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Thread: Some facts about the refinery on Aruba and it's history

  1. #1
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    Some facts about the refinery on Aruba and it's history

    My wife and I were sitting around last night after getting home from our big dinner with the kids, physically we were tired but not ready for bed so we got to talking about the trip we have coming up. I mentioned I wanted to go back to Baby Beach and Robert's Beach near the old housing area near the refinery, also to look at that old pet cemetery. I know it seems odd but as a photographer I like to capture the unusual. When we were there in 2004 and 2007 she was on assignment at the Valero Refinery down on the south end of the island and she worked there during the week and we had fun on the weekends; I think we ended up doing 7 weeks total in Aruba on those 2 trips.

    It got me thinking about who used to run it before Valero and I asked my wife since she has worked with the petro-chem industry for so long. She couldn't remember at first but said she knew it wasn't one of the names we associate with Big Oil now, a name that is used no more. So she did a bit of research. It was Lago Oil and Transport which was bought up by Standard Oil. Standard Oil's trademark brand logo was Esso which was a literal way of saying "SO" for "Standard Oil." And the Esso and Lago logos are very similar, they both used big red letters in a blue oval ring. I can remember Esso gas stations when I was a kid and you still see them in other countries but Esso is now part of Exxon/Mobile and in the USA you only see Exxon/Mobile stations.

    Exxon closed the refinery in 1985 and it was acquired by Coastal Corp who was soon acquired by El Paso Energy. Then in 2004 Valero bought it. They ran it until 2012 and then mothballed it, that period was uncertain for many downstream oil companies with losses when so many smaller country's economies were bad. Now it looks like Citgo will take over from Valero; Citgo is a subsidiary of PDVSA which stands for Petróleos de Venezuela SA. With the closing of the refinery in Curacao they really need a place off shore to refine the oil for other markets. This could be really good for the Aruban economy as not everyone is able to be in the tourism industry.

    Anyway from what I read, the refinery was one of the biggest WORLD WIDE from the 20's through WWII and into the 50's. It helped the USA win the war in Europe as well as with Japan. Sadly, Aruban nationals were not always treated fairly as far as work or pay during those years. The Lago Colony as it was know was mostly for Americans and Foreign Nationals who were white. Arubans of color were paid less and those that did live on the Lago Colony were given lesser grade housing and their kids were sent to lesser more segregated schools. But it seems to be a part of history now, as times have changed so have labor laws as well as those for how multi nationals are treated.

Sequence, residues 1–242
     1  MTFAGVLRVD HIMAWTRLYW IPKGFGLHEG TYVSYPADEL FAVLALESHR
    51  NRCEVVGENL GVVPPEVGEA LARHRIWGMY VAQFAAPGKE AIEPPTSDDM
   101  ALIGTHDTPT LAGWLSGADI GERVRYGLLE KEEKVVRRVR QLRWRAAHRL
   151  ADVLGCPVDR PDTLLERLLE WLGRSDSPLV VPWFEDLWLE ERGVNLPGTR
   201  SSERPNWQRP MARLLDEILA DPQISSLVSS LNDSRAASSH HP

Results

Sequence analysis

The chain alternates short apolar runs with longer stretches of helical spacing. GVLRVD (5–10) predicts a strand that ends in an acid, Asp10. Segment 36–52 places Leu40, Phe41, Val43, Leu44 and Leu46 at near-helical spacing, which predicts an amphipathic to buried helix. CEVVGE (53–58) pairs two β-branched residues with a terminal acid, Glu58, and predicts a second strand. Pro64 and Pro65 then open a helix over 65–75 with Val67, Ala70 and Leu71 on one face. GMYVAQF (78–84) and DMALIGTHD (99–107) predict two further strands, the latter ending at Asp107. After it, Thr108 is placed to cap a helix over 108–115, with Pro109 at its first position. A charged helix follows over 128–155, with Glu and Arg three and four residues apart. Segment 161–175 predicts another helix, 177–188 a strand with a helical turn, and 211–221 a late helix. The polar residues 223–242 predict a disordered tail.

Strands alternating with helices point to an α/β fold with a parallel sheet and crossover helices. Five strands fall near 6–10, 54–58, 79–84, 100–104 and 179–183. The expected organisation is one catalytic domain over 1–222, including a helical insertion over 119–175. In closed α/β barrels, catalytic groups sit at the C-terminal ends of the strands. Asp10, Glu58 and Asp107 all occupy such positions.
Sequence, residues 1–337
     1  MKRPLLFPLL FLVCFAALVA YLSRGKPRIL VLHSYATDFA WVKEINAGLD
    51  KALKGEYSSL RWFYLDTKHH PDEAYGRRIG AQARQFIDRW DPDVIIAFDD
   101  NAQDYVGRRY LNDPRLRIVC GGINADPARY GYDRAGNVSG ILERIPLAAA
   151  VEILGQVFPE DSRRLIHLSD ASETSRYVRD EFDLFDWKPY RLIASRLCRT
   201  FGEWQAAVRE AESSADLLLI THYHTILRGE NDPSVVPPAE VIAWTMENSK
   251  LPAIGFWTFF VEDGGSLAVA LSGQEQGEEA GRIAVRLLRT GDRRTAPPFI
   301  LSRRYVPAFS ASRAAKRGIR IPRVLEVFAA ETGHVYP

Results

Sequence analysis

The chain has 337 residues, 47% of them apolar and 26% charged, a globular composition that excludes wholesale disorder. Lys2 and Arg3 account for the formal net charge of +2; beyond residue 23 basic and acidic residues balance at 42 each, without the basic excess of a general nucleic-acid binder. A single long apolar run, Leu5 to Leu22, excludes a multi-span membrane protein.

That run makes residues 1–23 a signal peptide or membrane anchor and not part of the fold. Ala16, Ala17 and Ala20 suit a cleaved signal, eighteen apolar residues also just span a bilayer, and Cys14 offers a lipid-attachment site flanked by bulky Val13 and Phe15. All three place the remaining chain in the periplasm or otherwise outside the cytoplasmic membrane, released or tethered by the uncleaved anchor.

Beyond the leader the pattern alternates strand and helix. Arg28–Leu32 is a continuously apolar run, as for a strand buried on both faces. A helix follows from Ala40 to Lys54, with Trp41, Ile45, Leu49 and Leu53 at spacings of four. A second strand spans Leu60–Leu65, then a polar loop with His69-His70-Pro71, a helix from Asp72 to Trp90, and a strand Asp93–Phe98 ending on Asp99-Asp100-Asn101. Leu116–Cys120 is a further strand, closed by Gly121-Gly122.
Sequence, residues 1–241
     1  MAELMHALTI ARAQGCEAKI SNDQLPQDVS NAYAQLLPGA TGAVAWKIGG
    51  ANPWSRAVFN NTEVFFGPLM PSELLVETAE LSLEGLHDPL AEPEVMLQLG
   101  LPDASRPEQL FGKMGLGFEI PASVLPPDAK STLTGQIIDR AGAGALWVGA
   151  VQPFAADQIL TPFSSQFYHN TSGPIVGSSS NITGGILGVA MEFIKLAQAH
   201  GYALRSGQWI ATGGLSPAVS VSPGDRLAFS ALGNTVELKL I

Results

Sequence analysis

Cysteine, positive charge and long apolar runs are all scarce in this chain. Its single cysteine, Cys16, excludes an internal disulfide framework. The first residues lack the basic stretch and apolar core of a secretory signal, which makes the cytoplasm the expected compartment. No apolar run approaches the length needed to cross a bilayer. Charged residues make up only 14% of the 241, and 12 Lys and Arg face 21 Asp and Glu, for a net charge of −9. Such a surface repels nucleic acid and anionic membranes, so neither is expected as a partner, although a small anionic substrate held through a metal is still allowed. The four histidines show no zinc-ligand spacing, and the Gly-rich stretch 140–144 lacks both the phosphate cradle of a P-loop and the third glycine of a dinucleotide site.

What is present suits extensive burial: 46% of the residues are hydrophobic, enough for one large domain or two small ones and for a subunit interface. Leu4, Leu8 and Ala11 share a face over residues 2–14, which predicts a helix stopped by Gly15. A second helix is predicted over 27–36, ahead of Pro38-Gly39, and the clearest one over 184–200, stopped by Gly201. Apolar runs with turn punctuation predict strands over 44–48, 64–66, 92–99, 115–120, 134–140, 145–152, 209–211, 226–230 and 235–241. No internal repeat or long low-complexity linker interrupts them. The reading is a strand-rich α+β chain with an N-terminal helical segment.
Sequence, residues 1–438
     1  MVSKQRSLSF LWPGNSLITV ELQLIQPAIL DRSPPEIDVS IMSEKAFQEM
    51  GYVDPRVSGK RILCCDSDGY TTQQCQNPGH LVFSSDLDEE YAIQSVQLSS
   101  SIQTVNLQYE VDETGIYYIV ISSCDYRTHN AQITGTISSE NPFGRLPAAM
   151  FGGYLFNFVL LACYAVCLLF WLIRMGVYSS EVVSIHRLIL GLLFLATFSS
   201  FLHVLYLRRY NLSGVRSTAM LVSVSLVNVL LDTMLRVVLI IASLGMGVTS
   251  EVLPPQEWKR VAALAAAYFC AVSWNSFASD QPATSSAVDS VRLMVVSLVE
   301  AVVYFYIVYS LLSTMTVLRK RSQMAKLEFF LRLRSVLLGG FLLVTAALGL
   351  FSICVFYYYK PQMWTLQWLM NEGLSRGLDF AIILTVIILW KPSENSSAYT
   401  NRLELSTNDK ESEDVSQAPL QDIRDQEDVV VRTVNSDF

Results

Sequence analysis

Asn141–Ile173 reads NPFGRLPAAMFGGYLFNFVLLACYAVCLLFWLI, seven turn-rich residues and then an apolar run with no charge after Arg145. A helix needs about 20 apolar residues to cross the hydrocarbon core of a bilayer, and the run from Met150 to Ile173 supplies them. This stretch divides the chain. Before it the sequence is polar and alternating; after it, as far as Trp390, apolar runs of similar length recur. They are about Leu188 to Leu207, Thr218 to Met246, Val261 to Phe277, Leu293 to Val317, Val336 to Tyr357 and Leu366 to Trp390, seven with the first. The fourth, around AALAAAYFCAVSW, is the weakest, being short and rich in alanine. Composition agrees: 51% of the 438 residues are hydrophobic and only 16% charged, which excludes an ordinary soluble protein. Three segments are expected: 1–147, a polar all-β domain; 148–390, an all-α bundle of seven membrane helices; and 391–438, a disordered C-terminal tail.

But the refinery is an important part of Aruban history, as much as many things like the gold smelting, fishing and other things. So when you fly by the refinery or see it if you go to Baby Beach remember a lot of good came to Aruba from that big thing and it will still continue to generate jobs for many Arubans in the future.

    Well, this story is just a bit of history... if you have anything to add feel free to do so. I will be glad if the refinery gets back up and running, there are a lot of good folks in Aruba that can benefit from it. But while it is not something you go to Aruba to see it is worth knowing a bit of the history of that end of the island. There are several Lago Colony website dedicated to the memory of those days there.

    We will also be glad if Citgo asks my wife's company send her down and upgrade the software they sold to Valero and we can get a couple more weeks in Aruba!

  2. #2
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    there are a number of forum members who are "lago colony kids"
    they grew up in the lago colony as their parents were employed there.
    i hope they can add to this thread and to your research.

    you may also want to do a search ..in the search bar use refinery or lago or valero and see what kind of threads come up.

  3. #3
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    The government of Aruba(after almost 100 years) took the Valero Refinery over and now owns the refinery at the same time lease it for 20 years to CITGO under the condition that the refinery will modified it to use Natural Gas instead of fuel to refine